Kim Borg and Edwin Ip write in The Conversation (1.8.18) about supermarket retailer Coles' decision to reverse its ban on single-use plastic bags. The authors argue that providing thicker plastic bags for free is 'worse than pointless', encouraging the same wasteful habits but with more damaging material.
'One month after removing free lightweight plastic bags from checkouts, Australian supermarket giant Coles has decided to offer thicker reusable plastics bags for free, indefinitely. This unprecedented move is in response to strong backlash by customers who are struggling to switch to reusable bags.
'We know that offering free lightweight plastic bags causes excessive plastic use. We also know that banning lightweight bags can increase the use of heavier plastic bags (such as bin liners). Coles’ decision brings out the worst of both worlds: giving out heavier plastic bags for free.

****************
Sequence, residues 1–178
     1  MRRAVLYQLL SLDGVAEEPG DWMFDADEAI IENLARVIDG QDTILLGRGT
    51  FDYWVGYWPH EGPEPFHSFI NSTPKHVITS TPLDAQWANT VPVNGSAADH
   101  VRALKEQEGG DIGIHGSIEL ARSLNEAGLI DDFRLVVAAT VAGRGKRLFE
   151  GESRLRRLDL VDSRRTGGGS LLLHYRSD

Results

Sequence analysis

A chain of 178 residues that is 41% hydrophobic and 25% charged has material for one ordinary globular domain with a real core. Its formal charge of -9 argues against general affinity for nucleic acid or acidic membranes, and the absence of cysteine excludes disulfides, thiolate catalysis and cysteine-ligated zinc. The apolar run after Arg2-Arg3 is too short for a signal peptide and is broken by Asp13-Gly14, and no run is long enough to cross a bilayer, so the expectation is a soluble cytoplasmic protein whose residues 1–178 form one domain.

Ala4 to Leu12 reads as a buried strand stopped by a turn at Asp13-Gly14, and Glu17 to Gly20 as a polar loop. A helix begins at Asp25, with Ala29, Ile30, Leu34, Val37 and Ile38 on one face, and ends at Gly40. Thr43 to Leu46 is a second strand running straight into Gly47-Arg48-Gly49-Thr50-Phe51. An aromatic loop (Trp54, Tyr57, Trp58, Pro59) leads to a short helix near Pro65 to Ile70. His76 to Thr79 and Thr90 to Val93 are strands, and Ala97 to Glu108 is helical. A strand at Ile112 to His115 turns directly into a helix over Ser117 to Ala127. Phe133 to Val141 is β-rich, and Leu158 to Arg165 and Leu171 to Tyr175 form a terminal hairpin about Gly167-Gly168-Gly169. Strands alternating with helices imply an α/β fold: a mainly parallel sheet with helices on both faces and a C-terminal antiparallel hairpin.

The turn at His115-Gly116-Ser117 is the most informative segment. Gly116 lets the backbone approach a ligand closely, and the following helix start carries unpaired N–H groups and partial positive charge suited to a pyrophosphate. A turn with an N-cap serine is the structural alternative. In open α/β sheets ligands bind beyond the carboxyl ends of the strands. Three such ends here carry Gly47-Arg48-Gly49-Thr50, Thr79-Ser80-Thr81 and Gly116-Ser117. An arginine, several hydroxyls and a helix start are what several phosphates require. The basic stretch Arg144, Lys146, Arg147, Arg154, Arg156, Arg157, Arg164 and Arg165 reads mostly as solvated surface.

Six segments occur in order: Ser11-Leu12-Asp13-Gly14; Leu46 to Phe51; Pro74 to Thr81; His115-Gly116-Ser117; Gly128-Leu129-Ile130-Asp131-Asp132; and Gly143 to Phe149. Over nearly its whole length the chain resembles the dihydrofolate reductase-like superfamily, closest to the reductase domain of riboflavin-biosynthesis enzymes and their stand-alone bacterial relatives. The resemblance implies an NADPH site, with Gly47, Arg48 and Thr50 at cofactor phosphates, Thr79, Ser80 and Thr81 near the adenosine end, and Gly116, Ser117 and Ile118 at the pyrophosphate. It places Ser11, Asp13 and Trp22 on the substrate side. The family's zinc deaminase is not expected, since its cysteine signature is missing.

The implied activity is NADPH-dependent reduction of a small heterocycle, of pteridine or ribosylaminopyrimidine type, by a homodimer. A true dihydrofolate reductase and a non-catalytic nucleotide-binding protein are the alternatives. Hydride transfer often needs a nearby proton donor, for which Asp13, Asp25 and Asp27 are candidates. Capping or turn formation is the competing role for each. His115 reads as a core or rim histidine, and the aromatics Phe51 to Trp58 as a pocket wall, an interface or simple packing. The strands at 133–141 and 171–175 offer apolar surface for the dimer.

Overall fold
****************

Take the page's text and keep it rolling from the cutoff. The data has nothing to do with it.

'... Behavioural economics suggests that people are more sensitive to loss than gains, so financial disincentives for plastic bags are particularly useful. For example, it has been found that use of single-use bags can decrease substantially when a charge is framed as a tax, compared to a bonus for bringing reusable bags.'